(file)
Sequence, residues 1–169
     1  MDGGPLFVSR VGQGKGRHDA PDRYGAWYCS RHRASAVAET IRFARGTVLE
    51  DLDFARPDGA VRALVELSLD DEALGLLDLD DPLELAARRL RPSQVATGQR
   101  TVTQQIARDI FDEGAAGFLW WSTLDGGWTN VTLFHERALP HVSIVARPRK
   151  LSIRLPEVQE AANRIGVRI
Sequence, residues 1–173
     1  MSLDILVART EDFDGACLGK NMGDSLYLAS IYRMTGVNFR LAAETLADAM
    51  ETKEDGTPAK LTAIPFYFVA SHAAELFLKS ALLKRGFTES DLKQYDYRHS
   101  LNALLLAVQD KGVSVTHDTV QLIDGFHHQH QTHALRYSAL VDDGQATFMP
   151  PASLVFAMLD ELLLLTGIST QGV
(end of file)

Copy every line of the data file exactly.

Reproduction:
Sequence, residues 1–169
     1  MDGGPLFVSR VGQGKGRHDA PDRYGAWYCS RHRASAVAET IRFARGTVLE
    51  DLDFARPDGA VRALVELSLD DEALGLLDLD DPLELAARRL RPSQVATGQR
   101  TVTQQIARDI FDEGAAGFLW WSTLDGGWTN VTLFHERALP HVSIVARPRK
   151  LSIRLPEVQE AANRIGVRI
Sequence, residues 1–173
     1  MSLDILVART EDFDGACLGK NMGDSLYLAS IYRMTGVNFR LAAETLADAM
    51  ETKEDGTPAK LTAIPFYFVA SHAAELFLKS ALLKRGFTES DLKQYDYRHS
   101  LNALLLAVQD KGVSVTHDTV QLIDGFHHQH QTHALRYSAL VDDGQATFMP
   151  PASLVFAMLD ELLLLTGIST QGV